Discussions on household finance and how the conventional life ties you to hours of work and earnings and mortgage payments as if that is all that life is about would be the first time many have thought through the background to daliy life and politics.
    Thinking how a good life can be managed on a small sum, with an understanding of the opportunity costs involved would help to flesh out the work that unions do in going for more money. People could think about what sort of life they want. That decided they might surprise employers and go for better conditions but no wage rise this year, they might want to ensure minimum hours per day and a minimum and maximum working week, plus a goodwill clause where some workers will form a group that are able and prepared to be called on in emergencies to work longer hours than usual. Next time they may go for a wage rise, and a mid-year evening out for all, as a bonding exercise that gives equal pleasure to all attending.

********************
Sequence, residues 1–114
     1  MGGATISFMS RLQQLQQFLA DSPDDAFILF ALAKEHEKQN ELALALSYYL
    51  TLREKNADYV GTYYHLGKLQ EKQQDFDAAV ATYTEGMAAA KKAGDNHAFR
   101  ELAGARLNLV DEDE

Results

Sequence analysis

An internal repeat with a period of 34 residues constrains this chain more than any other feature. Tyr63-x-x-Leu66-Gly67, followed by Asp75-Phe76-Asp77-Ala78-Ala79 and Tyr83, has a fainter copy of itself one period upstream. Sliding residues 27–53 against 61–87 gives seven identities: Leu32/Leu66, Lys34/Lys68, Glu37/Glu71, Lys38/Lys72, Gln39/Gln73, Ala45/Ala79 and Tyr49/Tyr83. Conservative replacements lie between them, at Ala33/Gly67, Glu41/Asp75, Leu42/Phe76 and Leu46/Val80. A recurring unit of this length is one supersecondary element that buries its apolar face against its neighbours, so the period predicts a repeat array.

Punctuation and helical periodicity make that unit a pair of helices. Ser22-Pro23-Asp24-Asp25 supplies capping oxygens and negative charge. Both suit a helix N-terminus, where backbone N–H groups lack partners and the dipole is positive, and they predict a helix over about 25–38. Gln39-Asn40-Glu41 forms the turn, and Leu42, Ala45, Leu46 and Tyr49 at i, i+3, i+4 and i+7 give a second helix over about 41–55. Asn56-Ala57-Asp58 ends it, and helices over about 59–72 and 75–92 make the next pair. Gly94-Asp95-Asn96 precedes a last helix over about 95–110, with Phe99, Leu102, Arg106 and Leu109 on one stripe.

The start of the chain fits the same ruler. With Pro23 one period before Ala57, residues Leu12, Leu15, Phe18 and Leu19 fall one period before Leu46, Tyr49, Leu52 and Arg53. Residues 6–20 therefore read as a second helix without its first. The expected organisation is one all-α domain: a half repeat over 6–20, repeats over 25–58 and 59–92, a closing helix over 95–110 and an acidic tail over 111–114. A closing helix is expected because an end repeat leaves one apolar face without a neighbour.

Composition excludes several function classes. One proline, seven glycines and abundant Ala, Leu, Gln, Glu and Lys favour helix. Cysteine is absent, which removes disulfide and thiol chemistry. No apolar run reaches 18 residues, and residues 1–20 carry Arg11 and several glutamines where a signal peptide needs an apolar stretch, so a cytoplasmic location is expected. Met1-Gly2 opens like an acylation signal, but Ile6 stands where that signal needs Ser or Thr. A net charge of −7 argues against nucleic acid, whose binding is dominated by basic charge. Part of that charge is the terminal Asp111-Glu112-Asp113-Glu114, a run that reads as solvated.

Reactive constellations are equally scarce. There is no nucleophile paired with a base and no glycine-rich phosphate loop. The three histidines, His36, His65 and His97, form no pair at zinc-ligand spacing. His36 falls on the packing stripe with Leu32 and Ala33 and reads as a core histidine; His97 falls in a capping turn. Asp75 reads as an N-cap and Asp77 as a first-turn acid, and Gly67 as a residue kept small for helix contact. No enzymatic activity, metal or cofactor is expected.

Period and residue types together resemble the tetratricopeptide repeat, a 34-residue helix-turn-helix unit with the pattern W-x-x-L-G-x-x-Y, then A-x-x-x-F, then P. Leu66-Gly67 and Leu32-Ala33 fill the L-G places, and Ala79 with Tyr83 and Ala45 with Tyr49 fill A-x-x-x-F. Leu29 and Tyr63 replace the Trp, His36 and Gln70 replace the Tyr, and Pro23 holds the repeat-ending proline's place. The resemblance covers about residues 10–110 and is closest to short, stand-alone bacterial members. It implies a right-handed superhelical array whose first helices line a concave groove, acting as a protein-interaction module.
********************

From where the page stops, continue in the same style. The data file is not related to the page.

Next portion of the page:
Money is just bits of something that have an agreed universal value where you are using them. Cigarettes have been currency in prisons for instance. The authorities and business leaders are even trying to change it from having a physical form in useful sized bits. This means that all your transactions will go through a snooping machine. I don’t like that and I don’t think all interactions between people involving exchange should be surveilled, it leads to everything being under scrutiny.

    The idea that other people should decide things for you as unions have done in the past, when to up the piece rate, go on strike etc, needs to be totally changed. I remember my union refusing to allow workers to make arrangements with our employer to suit our requirements because it would create a precedent at other workplaces. People have to understand their employer, and the two sides be able to parley, for the best outcomes considering short, medium and long-term.